How to give remedies to animals

Basically the dosage for animals is the same as for people – i.e. four drops from a treatment bottle, at least four times a day. This is fine for everything from a mouse to an elephant.

To make up a treatment bottle, buy an empty 30 ml dropper bottle from a pharmacist or other retailer. Buy the stock remedies you want to use, and put two drops of each selected remedy into the dropper bottle. Top up with bottled, still mineral water (this keeps fresh longest) and keep in a cool place.

 

The standard dose from the mix is four drops at least four times a day. There can though be difficulties doing this in the case of animals. Your horses might live in a field miles away from your house and place of work, so giving four doses a day is difficult. And there are legitimate worries over trying to give animals drops straight from a glass dropper – not least the worry that they might swallow the whole thing. This is why a number of different methods are used, such as:

 

  • Adding stock bottle drops to water or food. (The normal recommendation is two drops of each selected stock remedy in a bowl for small animals, five or six drops in a bucket for larger animals. The larger amount is to make sure that any size drink the animal takes from a large volume of water will contain at least a minimum dose.)
  • Using plastic droppers to give remedies.
  • Giving remedies externally by dripping them on the paws of cats or rabbits so that the animal will lick them off.

From a remedy point of view, whatever method you use will work as long as the animal gets at least the minimum dose of remedy each time – i.e. the equivalent of four drops from a treatment bottle. There are other considerations, though. For example, your pet might be afraid of you, or of being touched, or just afraid of liquid being dropped onto it. The ‘paws and ears’ method should be avoided where this is an issue.

The Natural Animal Centre, which runs Bach Centre-approved level 3 courses on animals, teaches that best practice is to give treatment bottle doses on a treat, wherever possible, so that the process of taking remedies is stress-free and straightforward, and the animal feels more in control of it.

 

A note on sprays and pastilles

Dr Bach’s crisis formula is commonly sold in spray and pastille form. The spray can be useful, but the spray mechanism can be frightening to cats and some other animals, so spray the room before your nervous cat enters, rather than spraying once it is in the room.

The crisis pastilles sold under the brand name Rescue® are inappropriate for animal use. They can cause a small animal to choke, and the sweetener used (xylitol) is potentially life-threatening to dogs and cats and definitely lethal to rabbits, hamsters and guinea pigs. Its effects on horses and other farm animals are currently unknown.

 

Helping animals that don’t belong to you

Many Bach users like to help other people’s animals as well as their own. In general the same considerations apply as above. Start with the five questions and work from there. There are, however, other things to bear in mind – in particular legal issues, personal safety and the welfare of the animal itself.

Laws on the health care of animals vary widely from country to country, but the one thing they have in common is that they were not written with the Bach remedies in mind. In most countries the law allows us to give complementary treatments to our own animals. We can also help wild animals, and usually help any animal in a genuine emergency. But in the UK, diagnosis and treatment of other people’s animals in a wide range of situations can be considered “an act of veterinary surgery” – and veterinary surgery, including diagnosis, can only legally be carried out by a vet. There is no evidence that selecting Mimulus for a neighbour’s frightened cat would come under this heading, but you need to be aware of the issue, especially if you have read the (incorrect) guidance in some books, which suggest that some Bach remedies can directly treat named medical conditions. Stick to everyday emotions – as Dr Bach did – and you will be using the system as intended and in its most helpful form – and avoiding legal issues.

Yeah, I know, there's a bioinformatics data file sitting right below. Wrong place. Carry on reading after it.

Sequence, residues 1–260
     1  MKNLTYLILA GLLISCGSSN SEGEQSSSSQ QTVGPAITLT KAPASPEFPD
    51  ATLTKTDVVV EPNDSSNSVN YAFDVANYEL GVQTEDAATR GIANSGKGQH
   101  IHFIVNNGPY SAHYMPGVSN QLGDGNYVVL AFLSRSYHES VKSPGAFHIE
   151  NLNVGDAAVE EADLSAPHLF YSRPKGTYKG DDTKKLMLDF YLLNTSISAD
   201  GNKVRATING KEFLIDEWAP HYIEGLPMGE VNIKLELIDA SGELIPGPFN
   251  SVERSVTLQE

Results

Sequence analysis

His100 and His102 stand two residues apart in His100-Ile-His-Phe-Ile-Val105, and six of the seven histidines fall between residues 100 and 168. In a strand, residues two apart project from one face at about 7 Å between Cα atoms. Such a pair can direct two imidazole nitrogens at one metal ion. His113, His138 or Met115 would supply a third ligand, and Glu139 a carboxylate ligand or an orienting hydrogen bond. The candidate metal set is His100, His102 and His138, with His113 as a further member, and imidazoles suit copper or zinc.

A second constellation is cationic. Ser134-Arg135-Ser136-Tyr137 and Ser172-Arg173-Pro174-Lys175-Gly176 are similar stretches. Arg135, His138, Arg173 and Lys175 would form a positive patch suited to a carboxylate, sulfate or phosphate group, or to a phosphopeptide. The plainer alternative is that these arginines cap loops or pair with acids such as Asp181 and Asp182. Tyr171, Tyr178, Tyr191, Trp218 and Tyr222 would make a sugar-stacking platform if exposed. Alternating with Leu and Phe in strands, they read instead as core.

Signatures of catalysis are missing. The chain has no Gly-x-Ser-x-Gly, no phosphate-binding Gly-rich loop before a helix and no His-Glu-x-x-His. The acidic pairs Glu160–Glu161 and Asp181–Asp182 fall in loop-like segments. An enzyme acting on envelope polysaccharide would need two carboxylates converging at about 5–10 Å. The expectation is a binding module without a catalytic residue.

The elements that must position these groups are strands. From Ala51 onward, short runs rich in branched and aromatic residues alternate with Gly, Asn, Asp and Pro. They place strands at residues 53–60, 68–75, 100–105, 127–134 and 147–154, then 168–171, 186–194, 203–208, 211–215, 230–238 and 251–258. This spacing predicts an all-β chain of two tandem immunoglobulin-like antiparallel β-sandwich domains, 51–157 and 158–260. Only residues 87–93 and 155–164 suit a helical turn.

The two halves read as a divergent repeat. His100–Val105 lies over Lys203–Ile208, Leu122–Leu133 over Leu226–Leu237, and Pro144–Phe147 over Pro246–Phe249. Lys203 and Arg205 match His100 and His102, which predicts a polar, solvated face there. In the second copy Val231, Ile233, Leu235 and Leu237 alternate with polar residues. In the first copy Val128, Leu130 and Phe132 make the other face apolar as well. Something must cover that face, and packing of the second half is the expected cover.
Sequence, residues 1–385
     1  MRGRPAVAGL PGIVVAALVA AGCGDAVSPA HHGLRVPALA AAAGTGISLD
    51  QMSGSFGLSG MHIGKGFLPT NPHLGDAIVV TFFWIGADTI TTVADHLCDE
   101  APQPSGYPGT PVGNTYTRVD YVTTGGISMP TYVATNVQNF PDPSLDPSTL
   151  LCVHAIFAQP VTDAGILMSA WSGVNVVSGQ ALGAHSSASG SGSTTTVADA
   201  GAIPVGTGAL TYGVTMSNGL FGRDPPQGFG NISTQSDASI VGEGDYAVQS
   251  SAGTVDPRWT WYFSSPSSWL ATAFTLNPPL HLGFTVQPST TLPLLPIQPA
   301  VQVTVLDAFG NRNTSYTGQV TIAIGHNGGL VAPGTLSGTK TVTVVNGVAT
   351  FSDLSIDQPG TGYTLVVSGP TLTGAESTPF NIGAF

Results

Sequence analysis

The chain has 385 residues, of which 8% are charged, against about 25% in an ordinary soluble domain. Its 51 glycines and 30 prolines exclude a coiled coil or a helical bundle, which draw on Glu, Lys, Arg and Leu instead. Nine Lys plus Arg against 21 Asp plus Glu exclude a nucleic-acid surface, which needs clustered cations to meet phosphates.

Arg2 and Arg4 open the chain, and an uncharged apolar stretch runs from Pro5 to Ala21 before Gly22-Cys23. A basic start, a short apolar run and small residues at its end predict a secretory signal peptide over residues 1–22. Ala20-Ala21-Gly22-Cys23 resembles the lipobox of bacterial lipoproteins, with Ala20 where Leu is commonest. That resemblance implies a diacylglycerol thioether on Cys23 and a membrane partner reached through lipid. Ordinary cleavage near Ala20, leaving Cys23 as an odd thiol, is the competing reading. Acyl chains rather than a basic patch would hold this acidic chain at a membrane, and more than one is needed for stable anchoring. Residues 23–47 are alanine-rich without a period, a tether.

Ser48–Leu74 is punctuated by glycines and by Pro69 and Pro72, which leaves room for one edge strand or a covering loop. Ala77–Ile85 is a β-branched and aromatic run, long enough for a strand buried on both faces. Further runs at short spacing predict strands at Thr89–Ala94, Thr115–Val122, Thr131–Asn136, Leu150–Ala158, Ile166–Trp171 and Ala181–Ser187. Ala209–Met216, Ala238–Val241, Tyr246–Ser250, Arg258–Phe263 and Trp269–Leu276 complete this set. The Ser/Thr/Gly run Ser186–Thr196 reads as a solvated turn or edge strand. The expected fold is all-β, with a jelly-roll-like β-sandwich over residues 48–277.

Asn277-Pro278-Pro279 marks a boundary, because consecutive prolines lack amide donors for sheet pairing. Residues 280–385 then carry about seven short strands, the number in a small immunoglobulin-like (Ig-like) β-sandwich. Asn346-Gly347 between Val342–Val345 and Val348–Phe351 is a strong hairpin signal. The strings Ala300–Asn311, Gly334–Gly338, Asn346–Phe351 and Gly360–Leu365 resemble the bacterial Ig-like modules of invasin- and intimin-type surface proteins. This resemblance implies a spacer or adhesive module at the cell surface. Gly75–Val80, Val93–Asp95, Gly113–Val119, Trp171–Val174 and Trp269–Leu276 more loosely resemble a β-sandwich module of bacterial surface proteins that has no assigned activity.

The need for personal safety should be obvious. Some animals can be dangerous, especially to strangers, and especially when they are territorial animals on their home ground. You share a home and an understanding with your own household pets – but to the dog in your neighbour’s house you might be an unwelcome intruder who has no business being there.

Finally, there is the issue of the animal’s welfare. Animals can’t talk. Owners may not realise their pet is ill or injured or in pain, and if we try to help with remedies at that stage it could delay a proper veterinary inspection.

Fortunately there are simple ways of managing these problems so that we can offer remedies without compromising our own safety or that of the animal. Some rules of thumb are:

  • Be very cautious regarding your own personal safety, and don’t make home visits.
  • Don’t take on challenging or difficult cases without proper training.
  • Make sure the owner has had the animal checked by a vet before you offer remedy advice.
  • Keep your advice general and educational, and leave the actual selecting and giving of remedies to the animal’s owners.

The last point is good practice in any case, as the aim of working with a self-help system like Dr Bach’s is to help people use the system themselves. It should also steer you clear of any accusation that you are working as an unlicensed veterinary, when all you want to do is provide safe and gentle support.

More information

For more information on anything to do with Dr Bach’s system see the Bach Centre’s web site www.bachcentre.com. If you are especially interested in working with animals – and after following the standard Level 1 and 2 courses to gain remedy knowledge – you might want to investigate the specialist Bach Centre-approved Level 3 course offered by the Natural Animal Centre. This course will teach you how to work with local vets and make accurate remedy selections, so that you can make working with animals a major part of what you do with the remedies. You will find information about that on the web site too.